Now that I have got things to work with the VPN, I do plan on changing the IP before I get more invested with anything else, since I already have many things running on that server. So installing OpenVPN acces server on my ubuntu server wouldnt create a problem with tun0 as having another instance of OpenVPN running? I havee not heard of Wireguard yet, but after looking at thier webpage it looks to be faily straight foward, with support for mnay distros. I will give them a try after looking into the installation and setup a bit. Thanks again!

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Re: PIA questions with ERLite

@kwr41230

 

You can run multiple OpenVPN instances on the same machine. You have to give them different parameters of course. You would for example use dev tun1 for the second instance, a different interface than tun0. And you have to be careful of ports. Since PIA is a client to PIA server, it is PIA that uses port 1198 and your client is some random port OpenVPN chooses. If you setup an OpenVPN server, then you need to select a fixed port which could be 1198 also although sometimes you choose a port that is more likely to get thru firewalls on remote WiFi's as some public WiFi's filter ports for security. I am currently trying port 500 for Wireguard as that is a port generally used for IPsec vpn and so will probably not be blocked anywhere or at least most places. So far it has been working well.

 

I absolutely love wireguard. Being able to stay connected to my home network on my cell phone 24/7 is awesome. It is just like being on my home WiFi no matter where in the world I am. I do have gigabit FiOS so that helps. I sync my phone for contacts and calendar to my own sync server so no sharing that with google or apple or whoever and it can always sync. I can make VoIP calls via my Obi ATA so from my phone I can call out thru wireguard to my obi and then out either thru my FiOS Digital Voice line, or my google voice numbers. And incoming calls to my home also ring my cell phone thru wireguard. I can securely access my opengarage IoT door opener to check the garage door state, open or close it, and get notified if it is open too long or too late. And I can access my home lighting to turn on or off various lights in my house no matter where I am. I do that by running a little web server using nodejs that is accessible thru wireguard and the web page has checkboxes for all my controllable lights and buttons for on/off/dim/brighten/status etc.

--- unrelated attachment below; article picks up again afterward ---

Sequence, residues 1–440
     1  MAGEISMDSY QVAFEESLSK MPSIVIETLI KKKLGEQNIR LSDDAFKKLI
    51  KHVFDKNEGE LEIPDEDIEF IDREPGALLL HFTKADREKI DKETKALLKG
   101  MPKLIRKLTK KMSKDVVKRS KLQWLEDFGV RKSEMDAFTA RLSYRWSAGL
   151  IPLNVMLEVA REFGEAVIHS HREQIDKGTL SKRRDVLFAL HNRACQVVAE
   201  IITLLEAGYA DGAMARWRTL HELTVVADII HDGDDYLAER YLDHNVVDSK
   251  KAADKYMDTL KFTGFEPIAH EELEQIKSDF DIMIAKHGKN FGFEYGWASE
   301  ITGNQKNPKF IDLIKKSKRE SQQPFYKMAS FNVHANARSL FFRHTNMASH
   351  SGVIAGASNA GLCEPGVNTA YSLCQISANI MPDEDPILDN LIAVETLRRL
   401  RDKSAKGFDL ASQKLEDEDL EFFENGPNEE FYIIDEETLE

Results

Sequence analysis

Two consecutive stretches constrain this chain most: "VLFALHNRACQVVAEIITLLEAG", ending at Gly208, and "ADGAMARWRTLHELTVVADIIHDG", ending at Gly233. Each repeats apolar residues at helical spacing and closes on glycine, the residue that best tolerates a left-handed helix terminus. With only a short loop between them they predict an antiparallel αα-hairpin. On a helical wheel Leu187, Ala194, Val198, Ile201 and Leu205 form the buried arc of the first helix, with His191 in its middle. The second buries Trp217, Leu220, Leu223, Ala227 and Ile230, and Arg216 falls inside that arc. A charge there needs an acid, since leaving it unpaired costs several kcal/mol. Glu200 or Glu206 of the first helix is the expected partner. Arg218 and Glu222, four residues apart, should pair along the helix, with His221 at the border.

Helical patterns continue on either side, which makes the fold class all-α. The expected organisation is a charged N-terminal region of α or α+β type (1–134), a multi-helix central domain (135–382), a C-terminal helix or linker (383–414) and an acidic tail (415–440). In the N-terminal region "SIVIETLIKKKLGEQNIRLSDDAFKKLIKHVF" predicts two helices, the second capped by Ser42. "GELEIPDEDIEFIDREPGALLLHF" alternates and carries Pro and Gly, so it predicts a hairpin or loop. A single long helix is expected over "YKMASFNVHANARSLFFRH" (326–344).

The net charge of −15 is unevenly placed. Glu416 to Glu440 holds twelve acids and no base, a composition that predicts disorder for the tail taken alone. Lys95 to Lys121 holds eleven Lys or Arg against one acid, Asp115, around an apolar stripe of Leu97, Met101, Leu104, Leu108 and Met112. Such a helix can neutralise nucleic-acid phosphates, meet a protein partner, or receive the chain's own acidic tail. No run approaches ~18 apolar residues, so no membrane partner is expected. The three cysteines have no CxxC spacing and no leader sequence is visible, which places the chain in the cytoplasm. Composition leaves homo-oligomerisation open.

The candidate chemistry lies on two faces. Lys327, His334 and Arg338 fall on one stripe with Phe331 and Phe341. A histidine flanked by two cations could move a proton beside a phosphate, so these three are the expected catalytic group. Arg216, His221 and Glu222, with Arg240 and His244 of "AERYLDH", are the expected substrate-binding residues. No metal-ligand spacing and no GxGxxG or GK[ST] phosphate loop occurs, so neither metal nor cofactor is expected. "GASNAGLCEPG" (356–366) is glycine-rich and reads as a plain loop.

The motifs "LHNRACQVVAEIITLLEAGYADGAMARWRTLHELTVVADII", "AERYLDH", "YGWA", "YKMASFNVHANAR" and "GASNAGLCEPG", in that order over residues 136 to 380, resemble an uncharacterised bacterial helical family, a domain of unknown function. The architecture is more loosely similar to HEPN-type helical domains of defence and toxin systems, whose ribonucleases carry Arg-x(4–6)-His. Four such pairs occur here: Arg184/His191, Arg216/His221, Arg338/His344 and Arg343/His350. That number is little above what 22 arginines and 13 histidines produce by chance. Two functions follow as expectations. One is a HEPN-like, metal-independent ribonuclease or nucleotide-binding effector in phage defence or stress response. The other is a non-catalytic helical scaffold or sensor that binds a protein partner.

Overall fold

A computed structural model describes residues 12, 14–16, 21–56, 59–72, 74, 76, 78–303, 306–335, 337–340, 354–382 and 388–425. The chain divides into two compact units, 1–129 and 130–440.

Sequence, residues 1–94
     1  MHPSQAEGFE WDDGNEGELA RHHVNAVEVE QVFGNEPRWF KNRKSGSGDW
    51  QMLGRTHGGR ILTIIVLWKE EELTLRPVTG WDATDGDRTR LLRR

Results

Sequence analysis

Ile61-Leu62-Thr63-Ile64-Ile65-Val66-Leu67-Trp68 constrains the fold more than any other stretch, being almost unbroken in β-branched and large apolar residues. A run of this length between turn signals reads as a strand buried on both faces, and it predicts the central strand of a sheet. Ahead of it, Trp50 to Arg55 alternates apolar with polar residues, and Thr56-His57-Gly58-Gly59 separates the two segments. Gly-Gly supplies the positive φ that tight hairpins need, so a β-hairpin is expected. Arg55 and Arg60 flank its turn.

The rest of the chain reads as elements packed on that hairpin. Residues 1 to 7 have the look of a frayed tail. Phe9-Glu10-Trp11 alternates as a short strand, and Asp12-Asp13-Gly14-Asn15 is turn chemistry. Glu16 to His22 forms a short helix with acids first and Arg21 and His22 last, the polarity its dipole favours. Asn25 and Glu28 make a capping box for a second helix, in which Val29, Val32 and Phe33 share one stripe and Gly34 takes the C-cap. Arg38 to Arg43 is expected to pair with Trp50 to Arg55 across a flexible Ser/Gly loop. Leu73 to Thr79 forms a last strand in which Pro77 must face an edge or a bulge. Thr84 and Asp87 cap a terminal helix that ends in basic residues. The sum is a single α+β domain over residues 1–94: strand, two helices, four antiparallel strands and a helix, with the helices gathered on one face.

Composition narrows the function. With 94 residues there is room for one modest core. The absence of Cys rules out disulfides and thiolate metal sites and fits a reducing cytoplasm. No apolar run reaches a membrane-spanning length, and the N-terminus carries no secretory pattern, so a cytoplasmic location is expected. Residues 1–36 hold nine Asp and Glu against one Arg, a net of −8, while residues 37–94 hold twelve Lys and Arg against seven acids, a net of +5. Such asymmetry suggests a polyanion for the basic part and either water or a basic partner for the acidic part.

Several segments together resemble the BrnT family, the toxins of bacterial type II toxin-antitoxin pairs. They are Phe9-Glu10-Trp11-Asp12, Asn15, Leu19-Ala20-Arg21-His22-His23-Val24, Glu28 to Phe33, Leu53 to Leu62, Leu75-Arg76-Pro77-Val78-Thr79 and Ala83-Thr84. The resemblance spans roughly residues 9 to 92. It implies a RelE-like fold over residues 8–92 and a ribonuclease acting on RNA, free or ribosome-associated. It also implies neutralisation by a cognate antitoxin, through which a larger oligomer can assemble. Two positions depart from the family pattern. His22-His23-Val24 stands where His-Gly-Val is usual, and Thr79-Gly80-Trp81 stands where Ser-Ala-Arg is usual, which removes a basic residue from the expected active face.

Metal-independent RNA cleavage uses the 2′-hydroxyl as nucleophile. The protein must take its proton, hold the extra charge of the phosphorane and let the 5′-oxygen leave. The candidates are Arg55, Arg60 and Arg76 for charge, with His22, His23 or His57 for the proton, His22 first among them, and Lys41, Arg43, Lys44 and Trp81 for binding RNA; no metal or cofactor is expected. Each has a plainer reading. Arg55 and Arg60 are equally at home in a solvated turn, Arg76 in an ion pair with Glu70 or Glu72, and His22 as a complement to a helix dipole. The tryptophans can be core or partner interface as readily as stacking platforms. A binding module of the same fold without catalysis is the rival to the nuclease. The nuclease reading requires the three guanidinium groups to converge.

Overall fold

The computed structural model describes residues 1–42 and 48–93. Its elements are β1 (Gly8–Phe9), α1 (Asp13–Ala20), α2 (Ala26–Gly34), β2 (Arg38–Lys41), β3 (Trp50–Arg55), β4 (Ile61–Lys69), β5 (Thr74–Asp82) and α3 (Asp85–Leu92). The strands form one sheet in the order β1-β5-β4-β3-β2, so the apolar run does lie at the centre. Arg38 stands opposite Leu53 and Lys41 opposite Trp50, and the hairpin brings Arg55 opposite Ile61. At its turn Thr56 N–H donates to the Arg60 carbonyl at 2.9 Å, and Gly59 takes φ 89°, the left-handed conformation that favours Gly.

I also have wireguard on my MacBook and I can use my cell phone as a hotspot to get my MacBook internet access over LTE and then run wireguard on the MacBook. One gotcha I figured out is that I cannot connect to my cell hotspot if it is currently running wireguard. I have to swtich wireguard off on the phone, connect the MacBook to the hotspot and run wireguard on it, and then I can turn wireguard back on the cell phone and both work. It is just the intiail connection to the hotspot to watch out for. But turning wireguard on/off on the cell is just a couple of taps so not a problem as long as you know to do it.

 

I actually run an OpenVPN access server on my ERL just in case something should go wrong with wireguard on my linux server. That gives me an alternate path to get access to fix things.

 

If i did not mention it before, it you run the remote access server, whichever one, on the Ubuntu server, you have to add its subnet to a route on the ERL to the Ubuntu server.

 

Technology is so cool.

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Re: PIA questions with ERLite

@karog

I havent had a whole lot of time over the weekend to play around with my networking toys, but I did do some research on wireguard and I am sold on using that as my VPN. I am in the process of trying to figure out which tutorial I should follow for setting it up on my ubuntu server. Other than the quick start guide on wireguards website, I came across these tutorials which explain a bit more in depth for setting up things on the server itself..

https://www.ckn.io/blog/2017/11/14/wireguard-vpn-typical-setup/

https://www.linode.com/docs/networking/vpn/set-up-wireguard-vpn-on-ubuntu/

Do either one of these look like a pretty good guide?